are popping up all over my yard.
They are  everywhere--
   these prophets of spring.
They remind me that life stubborn,
   stubborn life goes on.
They teach me that the work
   of yesterday pays dividends tomorrow  
   and tomorrow and tomorrow.
What I thought was over and finished
   will come back every spring   
   long after I'm gone.                                           
                                        --Roger Lovette

Tuesday, February 9, 2010

Let's not Forget Haiti

“To witness the aftermath of the earthquake in Haiti is to be lost inside a waking nightmare. The markers on this mapless journey are the swarms of looters, children with chopped-off limbs, cities fabricated of sticks and bedsheets, pulverized cathedrals, dogs circling and dead in the streets.”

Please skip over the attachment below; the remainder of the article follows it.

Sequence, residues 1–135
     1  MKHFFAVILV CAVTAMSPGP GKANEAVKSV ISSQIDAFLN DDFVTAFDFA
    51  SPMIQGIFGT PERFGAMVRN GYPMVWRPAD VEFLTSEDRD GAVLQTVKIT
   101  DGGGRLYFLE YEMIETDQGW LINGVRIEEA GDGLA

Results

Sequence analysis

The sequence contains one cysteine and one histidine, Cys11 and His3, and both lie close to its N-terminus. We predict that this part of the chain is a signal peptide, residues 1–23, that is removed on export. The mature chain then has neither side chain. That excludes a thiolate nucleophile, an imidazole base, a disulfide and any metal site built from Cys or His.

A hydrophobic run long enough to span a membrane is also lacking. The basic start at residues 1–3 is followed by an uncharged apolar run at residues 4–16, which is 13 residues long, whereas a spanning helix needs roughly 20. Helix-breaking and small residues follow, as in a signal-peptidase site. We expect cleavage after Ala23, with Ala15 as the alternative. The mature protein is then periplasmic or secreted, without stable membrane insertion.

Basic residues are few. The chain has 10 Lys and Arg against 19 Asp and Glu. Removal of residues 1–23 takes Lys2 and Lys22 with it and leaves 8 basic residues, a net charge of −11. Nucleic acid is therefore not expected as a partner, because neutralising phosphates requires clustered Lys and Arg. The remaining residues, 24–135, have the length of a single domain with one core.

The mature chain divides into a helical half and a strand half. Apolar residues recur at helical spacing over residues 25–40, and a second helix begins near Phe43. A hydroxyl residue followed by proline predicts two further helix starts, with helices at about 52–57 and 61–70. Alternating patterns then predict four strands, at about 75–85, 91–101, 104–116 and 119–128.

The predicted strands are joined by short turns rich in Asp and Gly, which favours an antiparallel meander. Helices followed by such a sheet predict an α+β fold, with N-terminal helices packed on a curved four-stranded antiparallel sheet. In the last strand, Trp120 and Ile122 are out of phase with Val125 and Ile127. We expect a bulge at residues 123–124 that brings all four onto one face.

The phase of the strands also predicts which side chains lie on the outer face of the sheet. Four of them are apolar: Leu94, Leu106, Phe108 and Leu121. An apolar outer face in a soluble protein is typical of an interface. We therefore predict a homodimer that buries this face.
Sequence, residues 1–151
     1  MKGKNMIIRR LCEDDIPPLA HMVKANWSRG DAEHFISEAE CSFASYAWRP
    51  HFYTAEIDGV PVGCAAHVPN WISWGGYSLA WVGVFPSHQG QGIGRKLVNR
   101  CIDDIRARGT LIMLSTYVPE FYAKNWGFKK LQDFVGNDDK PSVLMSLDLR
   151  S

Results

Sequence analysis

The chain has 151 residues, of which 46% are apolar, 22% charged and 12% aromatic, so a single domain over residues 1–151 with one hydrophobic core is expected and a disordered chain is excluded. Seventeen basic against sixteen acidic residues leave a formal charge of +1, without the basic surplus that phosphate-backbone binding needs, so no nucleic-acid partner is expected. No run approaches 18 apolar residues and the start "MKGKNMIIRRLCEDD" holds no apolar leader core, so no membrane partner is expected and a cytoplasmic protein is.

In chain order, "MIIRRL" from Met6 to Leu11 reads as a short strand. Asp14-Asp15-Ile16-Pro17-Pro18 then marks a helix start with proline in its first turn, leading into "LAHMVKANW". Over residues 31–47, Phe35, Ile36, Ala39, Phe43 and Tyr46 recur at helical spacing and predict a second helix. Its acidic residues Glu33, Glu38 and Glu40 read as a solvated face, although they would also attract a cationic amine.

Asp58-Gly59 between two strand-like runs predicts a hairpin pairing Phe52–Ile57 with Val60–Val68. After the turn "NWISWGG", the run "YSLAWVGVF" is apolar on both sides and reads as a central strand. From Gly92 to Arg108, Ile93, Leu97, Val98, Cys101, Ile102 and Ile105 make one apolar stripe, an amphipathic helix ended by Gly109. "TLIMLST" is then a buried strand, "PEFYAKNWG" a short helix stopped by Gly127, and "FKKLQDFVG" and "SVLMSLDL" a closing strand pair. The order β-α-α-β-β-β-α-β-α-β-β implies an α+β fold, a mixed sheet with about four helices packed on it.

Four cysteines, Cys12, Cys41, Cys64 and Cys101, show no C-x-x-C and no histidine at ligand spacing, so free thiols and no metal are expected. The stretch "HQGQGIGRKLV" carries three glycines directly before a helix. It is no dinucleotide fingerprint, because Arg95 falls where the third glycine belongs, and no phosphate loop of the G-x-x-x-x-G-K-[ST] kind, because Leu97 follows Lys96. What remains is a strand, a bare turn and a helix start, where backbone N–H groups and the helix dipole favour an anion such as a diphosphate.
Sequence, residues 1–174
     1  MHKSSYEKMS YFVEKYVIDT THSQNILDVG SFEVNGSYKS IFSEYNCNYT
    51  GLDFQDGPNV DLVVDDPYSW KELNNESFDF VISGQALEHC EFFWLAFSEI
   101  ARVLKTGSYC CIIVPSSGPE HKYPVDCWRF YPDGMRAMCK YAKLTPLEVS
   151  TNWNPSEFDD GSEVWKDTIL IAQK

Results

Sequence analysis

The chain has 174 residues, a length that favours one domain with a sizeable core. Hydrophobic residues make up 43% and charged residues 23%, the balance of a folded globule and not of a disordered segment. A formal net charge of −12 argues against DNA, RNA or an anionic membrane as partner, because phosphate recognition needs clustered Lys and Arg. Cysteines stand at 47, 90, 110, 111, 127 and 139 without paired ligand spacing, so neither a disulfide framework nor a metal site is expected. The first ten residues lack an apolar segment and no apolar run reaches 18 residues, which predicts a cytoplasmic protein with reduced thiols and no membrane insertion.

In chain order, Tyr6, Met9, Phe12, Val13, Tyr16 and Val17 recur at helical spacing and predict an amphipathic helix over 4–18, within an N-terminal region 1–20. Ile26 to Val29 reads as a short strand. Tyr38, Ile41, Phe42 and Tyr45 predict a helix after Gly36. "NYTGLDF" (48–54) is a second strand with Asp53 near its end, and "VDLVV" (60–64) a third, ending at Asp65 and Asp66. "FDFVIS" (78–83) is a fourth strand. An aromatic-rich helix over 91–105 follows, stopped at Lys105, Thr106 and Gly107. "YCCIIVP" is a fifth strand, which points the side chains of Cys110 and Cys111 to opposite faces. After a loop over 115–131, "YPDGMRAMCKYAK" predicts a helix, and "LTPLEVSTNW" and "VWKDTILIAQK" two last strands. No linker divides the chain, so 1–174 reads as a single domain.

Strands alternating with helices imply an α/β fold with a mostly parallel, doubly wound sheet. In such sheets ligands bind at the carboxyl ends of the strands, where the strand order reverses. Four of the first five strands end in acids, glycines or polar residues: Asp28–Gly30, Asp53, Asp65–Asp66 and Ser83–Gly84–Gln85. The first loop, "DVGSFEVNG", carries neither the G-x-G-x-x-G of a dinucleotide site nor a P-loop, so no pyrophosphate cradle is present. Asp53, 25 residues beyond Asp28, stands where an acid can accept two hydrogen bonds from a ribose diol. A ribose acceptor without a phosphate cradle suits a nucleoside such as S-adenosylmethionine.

--James Nachtwey, Photographer

It’s been a month now since that terrible earthquake hit Haiti on January 12. I haven’t heard how many really did die underneath the rubble. Reports estimate somewhere between 100,000 to 200,000 have lost their lives.

I have been proud, very proud to be member of the human race when I have seen such love and care that has reached out to our brothers and sisters in Haiti. A little eight year old Ismail Taylor-Kamara spoke for so many when she said, “Will you help me.” Churches and a multitude of charity organizations have come to the rescue. Someone said epic catastrophe has been met with epic generosity.

I’ve looked through several magazines and newspapers in the last two weeks. If there is a story about Haiti it is buried on page 32 or a brief column or picture by someone. Let us not forget our brothers and sisters in Haiti. We’ve heard the terrible term, “Compassion fatigue” again and again. Overwhelmed by the too-muchness of it all many of us just shut down. But our interest and compassion span must be stretched as we think of Haiti. Food and water and tents have been so welcomed and so needed. But there must be some plans for the future and for one of the poorest countries in the world. Let’s keep Haiti on our prayer list…let’s give as we can.